Nestled neatly between $10-20K are a variety of options, for both the discerning millennial and the simply frugal buyer. With recent trade-in trends, a majority of model offerings will fall comfortably within 3-8 years of age and will span a wide range of classes. Based on that time-frame, it is increasingly more likely that used car offerings will carry environmentally-conscious features that are considered as important by the modern consumer.

However, it is becoming clearer that this generation of drivers has a different set of priorities, born of the commonality of modern transportation. While more than 90% of drivers over 65 would prioritize safety features among their top considerations, that preference drops to approximately 33% for drivers aged 18-24 years. Why? Perhaps the age of valuing vehicles with superior engineering and elaborate features as the hallmark of status are slowly moving behind us. Understanding that this mindset differs (from that of its predecessors) in viewing driving and car ownership as a utilitarian goal rather than an aspirational one, finding the “right fit” may be based more on practicality than anything else.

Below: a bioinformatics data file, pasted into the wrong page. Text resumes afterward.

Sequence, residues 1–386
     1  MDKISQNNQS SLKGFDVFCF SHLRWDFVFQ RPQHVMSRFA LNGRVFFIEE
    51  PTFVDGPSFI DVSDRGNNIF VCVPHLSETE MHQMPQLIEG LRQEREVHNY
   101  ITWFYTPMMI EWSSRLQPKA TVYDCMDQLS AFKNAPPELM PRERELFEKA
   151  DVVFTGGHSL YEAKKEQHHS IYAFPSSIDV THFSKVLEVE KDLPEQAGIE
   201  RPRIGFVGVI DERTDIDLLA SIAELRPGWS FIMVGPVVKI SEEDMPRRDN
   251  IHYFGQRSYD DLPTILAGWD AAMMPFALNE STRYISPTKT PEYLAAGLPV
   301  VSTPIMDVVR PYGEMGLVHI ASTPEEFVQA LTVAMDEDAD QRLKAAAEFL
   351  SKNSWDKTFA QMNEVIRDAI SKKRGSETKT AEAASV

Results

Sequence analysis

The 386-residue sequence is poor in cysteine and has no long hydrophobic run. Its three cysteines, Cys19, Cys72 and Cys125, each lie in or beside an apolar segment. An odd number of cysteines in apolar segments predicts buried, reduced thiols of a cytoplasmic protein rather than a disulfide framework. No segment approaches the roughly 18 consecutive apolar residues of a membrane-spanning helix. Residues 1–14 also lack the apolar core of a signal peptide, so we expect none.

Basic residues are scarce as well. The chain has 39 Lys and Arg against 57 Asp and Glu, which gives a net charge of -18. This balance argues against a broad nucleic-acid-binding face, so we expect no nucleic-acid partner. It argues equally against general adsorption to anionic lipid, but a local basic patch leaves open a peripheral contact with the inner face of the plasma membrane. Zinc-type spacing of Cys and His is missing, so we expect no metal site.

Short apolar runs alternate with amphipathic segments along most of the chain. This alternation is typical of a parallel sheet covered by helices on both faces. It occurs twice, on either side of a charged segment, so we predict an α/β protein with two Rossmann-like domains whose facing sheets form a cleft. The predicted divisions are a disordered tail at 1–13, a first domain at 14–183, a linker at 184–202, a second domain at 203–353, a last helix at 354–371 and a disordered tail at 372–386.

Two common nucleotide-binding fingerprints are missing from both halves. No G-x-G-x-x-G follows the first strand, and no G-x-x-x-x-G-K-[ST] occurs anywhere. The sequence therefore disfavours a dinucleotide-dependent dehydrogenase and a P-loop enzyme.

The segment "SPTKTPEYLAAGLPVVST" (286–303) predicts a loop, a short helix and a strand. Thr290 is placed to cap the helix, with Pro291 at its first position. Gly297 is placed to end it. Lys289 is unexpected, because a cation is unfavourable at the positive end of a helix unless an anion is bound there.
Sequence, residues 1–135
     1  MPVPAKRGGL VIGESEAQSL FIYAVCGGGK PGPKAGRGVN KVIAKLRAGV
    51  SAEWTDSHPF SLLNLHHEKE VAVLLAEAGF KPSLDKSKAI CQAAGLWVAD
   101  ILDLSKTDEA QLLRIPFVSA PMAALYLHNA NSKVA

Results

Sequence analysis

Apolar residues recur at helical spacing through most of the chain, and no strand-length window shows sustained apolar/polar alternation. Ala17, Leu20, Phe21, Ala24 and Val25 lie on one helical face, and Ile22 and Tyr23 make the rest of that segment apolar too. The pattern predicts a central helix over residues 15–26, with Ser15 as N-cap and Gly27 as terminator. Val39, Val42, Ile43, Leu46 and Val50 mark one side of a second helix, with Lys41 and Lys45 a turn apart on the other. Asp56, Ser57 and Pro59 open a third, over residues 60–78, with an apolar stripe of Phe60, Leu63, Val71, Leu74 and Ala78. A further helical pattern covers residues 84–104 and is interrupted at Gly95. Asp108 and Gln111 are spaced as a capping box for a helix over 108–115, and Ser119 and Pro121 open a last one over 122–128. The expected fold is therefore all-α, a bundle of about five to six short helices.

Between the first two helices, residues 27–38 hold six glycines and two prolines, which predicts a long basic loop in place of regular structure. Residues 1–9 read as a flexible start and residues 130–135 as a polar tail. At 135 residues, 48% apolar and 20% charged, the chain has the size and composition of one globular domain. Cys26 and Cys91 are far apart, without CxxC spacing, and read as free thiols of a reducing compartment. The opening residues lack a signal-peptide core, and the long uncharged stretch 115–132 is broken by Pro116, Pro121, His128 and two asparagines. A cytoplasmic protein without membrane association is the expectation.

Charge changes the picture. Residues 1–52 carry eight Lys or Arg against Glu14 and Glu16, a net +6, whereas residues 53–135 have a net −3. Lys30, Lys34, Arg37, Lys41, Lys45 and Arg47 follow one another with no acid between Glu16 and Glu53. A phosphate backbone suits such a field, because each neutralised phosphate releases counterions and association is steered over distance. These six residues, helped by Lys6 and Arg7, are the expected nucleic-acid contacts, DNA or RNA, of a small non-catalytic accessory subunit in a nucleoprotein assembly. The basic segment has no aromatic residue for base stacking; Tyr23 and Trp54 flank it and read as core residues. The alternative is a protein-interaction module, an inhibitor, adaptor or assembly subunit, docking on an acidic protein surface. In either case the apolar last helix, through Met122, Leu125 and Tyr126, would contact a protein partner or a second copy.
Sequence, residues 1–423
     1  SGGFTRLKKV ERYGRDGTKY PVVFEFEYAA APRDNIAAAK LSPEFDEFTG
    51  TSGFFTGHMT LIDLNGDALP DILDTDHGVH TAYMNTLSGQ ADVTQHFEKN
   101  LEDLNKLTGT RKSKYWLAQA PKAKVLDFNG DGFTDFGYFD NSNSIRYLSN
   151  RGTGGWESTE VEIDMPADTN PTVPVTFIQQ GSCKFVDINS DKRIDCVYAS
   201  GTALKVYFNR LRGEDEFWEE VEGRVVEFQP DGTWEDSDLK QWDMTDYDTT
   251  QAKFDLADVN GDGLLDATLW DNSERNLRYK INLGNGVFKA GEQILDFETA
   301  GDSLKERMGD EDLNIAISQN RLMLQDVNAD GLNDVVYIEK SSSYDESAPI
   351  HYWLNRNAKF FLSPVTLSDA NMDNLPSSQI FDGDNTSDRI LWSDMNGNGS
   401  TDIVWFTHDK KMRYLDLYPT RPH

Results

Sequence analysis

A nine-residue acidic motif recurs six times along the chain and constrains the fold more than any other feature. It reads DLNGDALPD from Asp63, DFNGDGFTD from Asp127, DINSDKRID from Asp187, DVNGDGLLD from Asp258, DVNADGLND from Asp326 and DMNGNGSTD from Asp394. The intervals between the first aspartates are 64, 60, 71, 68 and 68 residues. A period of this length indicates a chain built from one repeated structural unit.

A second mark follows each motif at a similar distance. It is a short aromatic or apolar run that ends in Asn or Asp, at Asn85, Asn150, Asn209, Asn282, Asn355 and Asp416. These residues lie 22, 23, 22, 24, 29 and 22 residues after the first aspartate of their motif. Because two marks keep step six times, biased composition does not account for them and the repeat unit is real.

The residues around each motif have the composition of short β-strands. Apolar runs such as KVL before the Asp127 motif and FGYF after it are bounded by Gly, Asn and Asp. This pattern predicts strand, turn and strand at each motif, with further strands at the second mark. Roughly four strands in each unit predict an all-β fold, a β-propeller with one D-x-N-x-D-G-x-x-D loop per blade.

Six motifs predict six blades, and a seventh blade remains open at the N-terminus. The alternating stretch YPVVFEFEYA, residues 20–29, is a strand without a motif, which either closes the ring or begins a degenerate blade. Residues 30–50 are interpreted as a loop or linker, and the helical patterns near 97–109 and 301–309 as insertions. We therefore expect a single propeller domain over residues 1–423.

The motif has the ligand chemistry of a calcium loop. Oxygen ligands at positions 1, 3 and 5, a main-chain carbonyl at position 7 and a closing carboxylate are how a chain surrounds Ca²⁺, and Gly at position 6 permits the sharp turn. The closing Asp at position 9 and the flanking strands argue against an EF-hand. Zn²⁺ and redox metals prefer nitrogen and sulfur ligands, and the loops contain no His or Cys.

Is it any surprise that connectivity rates high among millennials and their immediate successors? Probably not. A Cox Automotive report states that among 18 to 24-year olds, 64% would expect their vehicle’s technology to mirror the capabilities of their smart phone.

With the expectation that the used car market will continue to be populated with newer models, it’s not unlikely that this type of technology will become more accessible to the first-time car buyer without the need to buy the newest model being advertised.

After all, the new car of today is the used car of tomorrow.